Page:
As a youngster, I was introduced to oil painting by a Flemish missionary who served in the Belgian Congo. The teachings she used were like magic, with no fancy tools, just paint brushes and tubes, colors and canvas. After about three to five lessons I won first place in a community contest.
My second painted picture produced a job in the Photography business as a photo-oil colorist. I spent about a year as an apprentice with experience in the art of portrait painting and I was able to pursue a practice of study in photo-realismusing oil transparencies. Working in direct daylight gives the artist the ability to connect the visual, sound and climate of the environment. It all goes on the canvas. Care must be part of the application and consistency of the paints and brushes. Outdoors dries you paints quickly so time is important, along with observation of shade and value andmeasurement, to produce a historical scene on canvas.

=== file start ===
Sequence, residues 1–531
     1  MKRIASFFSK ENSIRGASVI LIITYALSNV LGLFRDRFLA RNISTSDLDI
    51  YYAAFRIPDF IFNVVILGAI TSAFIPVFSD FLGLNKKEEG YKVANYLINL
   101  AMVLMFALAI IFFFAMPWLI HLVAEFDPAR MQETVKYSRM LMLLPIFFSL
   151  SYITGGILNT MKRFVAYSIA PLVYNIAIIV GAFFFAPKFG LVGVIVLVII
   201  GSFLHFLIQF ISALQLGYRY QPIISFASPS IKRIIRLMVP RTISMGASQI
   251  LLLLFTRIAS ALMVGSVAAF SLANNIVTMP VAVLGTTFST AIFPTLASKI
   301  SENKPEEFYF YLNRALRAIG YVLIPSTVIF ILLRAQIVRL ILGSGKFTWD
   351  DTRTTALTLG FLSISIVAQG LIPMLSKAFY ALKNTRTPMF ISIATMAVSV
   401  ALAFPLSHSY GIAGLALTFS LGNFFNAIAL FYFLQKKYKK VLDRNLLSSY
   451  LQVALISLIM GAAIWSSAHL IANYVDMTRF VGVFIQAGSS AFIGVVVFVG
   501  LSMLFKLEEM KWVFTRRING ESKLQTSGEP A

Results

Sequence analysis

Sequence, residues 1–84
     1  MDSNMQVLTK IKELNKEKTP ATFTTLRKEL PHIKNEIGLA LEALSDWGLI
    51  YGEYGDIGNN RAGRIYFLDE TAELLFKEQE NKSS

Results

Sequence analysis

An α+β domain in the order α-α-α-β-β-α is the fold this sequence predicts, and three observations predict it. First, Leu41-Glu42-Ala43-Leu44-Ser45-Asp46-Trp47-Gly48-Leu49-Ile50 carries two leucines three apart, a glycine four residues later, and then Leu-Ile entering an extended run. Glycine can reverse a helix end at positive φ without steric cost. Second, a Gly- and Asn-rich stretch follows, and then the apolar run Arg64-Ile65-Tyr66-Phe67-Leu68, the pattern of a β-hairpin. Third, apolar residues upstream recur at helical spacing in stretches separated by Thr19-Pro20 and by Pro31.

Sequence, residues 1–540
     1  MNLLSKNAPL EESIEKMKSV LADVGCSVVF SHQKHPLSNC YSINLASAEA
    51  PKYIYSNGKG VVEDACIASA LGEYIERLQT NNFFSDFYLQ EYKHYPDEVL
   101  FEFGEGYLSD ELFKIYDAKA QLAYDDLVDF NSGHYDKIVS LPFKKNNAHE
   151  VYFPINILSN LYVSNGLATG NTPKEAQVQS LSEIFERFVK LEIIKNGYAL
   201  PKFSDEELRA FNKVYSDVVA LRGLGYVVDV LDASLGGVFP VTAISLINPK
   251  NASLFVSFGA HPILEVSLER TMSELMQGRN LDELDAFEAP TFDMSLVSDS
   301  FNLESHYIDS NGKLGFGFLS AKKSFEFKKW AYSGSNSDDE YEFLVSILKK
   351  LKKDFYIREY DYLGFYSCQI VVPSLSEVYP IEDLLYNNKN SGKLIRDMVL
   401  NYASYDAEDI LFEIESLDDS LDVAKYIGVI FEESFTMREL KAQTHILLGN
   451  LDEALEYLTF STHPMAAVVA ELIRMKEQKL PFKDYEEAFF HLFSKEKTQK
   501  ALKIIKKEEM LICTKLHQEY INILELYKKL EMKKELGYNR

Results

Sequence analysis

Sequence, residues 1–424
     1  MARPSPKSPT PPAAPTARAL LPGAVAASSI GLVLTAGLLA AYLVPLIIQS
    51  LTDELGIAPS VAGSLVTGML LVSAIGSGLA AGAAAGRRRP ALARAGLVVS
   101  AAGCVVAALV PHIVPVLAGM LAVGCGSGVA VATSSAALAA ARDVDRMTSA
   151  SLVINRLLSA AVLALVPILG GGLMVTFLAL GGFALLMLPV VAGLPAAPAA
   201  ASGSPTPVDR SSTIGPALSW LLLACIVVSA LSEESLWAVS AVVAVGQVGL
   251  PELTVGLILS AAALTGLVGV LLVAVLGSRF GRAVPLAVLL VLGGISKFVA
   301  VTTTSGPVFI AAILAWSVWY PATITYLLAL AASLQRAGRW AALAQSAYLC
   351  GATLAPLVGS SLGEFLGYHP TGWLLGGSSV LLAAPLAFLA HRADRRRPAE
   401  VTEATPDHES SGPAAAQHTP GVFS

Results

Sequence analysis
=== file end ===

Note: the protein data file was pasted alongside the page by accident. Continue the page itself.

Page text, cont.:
Preserving what I see in this total development for the future gives great pleasure when I look back and remember who, what, when and where elements can never be told except through the artist in that time period with proper use of good materials and talent. A lesson using nature’s palette is always a unique, first experience.